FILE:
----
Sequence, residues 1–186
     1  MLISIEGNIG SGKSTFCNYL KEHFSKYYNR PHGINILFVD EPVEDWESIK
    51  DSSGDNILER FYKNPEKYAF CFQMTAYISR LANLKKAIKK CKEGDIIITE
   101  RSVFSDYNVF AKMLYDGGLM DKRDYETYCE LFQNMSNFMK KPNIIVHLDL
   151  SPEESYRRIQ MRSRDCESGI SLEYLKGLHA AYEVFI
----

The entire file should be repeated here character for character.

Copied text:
Sequence, residues 1–186
     1  MLISIEGNIG SGKSTFCNYL KEHFSKYYNR PHGINILFVD EPVEDWESIK
    51  DSSGDNILER FYKNPEKYAF CFQMTAYISR LANLKKAIKK CKEGDIIITE
   101  RSVFSDYNVF AKMLYDGGLM DKRDYETYCE LFQNMSNFMK KPNIIVHLDL
   151  SPEESYRRIQ MRSRDCESGI SLEYLKGLHA AYEVFI